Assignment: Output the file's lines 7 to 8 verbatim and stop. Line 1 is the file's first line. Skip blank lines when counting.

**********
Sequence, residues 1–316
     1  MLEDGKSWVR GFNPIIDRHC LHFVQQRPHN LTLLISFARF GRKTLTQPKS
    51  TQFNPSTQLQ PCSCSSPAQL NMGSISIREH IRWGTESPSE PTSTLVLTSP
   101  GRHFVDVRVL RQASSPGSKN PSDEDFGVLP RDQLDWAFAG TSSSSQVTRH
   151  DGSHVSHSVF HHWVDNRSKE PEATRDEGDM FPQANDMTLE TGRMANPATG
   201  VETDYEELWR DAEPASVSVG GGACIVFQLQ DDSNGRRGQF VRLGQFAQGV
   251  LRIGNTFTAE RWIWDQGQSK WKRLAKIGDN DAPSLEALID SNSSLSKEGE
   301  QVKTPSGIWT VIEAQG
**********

   251  LRIGNTFTAE RWIWDQGQSK WKRLAKIGDN DAPSLEALID SNSSLSKEGE
   301  QVKTPSGIWT VIEAQG